Traditionally, unmarried women, signified by the garlands in their hair, are the first to enter the forest. They are followed by young men. Therefore, the quest to find herbs and the fern flower may lead to the blooming of relationships between pairs within the forest.

Ferns are not angiosperms (flowering plants), and instead reproduce by spores; they cannot flower.

In Gogol’s story The Eve of Ivan Kupala (also called Saint John’s Eve), a young man finds the fantastical fern-flower, but is cursed by it. Gogol’s tale was adapted by Yuri Ilyenko into a film of the same name, and may have been the stimulus for Modest Mussorgsky to compose his tone poem Night on Bald Mountain.

7th July (’22): World Chocolate Day

World Chocolate Day, sometimes referred to as International Chocolate Day, or just Chocolate Day, is an annual celebration of chocolate, occurring globally on July 7, which some suggest to be the anniversary of the introduction of chocolate to Europe in 1550. The observance of World Chocolate Day dates back to 2009.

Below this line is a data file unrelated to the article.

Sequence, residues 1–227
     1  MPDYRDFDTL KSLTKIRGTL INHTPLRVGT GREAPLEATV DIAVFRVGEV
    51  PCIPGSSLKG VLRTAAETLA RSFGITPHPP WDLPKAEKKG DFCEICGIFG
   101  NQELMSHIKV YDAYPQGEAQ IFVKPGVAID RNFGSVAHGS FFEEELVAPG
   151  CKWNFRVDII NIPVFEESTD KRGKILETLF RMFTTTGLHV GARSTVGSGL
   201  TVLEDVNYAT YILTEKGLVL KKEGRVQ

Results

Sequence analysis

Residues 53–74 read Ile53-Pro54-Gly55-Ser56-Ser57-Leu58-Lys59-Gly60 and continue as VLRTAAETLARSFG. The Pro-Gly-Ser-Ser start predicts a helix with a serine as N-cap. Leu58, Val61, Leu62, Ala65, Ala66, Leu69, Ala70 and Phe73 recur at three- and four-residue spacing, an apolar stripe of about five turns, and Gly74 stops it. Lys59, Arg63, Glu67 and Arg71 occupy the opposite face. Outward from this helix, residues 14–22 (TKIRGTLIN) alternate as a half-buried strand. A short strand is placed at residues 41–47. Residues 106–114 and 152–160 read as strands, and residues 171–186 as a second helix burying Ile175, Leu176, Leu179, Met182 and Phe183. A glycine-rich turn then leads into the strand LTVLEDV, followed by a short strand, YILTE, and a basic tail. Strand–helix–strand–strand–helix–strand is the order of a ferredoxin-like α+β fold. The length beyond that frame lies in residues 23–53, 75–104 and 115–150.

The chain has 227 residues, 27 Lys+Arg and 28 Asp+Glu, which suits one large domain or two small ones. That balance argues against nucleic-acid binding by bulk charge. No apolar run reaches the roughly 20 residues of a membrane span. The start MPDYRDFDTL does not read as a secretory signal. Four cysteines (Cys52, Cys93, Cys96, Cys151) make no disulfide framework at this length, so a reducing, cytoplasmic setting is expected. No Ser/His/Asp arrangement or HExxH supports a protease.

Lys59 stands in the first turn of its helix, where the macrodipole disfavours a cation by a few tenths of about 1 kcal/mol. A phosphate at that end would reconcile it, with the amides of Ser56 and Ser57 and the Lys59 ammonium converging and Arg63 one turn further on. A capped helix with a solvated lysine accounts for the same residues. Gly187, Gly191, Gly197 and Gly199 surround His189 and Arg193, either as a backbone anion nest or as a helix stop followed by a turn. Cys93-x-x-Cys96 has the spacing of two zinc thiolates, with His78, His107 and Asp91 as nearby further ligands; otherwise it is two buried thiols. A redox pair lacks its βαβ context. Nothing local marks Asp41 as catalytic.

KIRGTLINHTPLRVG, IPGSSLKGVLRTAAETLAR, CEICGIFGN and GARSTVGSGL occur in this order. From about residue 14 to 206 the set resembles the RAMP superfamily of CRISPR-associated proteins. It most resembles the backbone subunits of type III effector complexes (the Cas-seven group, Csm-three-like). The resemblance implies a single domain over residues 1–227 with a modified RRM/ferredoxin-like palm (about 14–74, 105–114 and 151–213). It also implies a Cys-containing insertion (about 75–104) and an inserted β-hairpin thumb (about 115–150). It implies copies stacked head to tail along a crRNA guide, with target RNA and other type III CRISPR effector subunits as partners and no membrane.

Other Chocolate Day celebrations exist, such as National Chocolate Day in the United States on 28 October. The U.S. National Confectioners Association lists 13 September as International Chocolate Day, coinciding with the birth date of Milton S. Hershey (September 13, 1857). Ghana, the second largest producer of cocoa, celebrates Chocolate Day on February 14. In Latvia, World Chocolate Day is celebrated on July 11.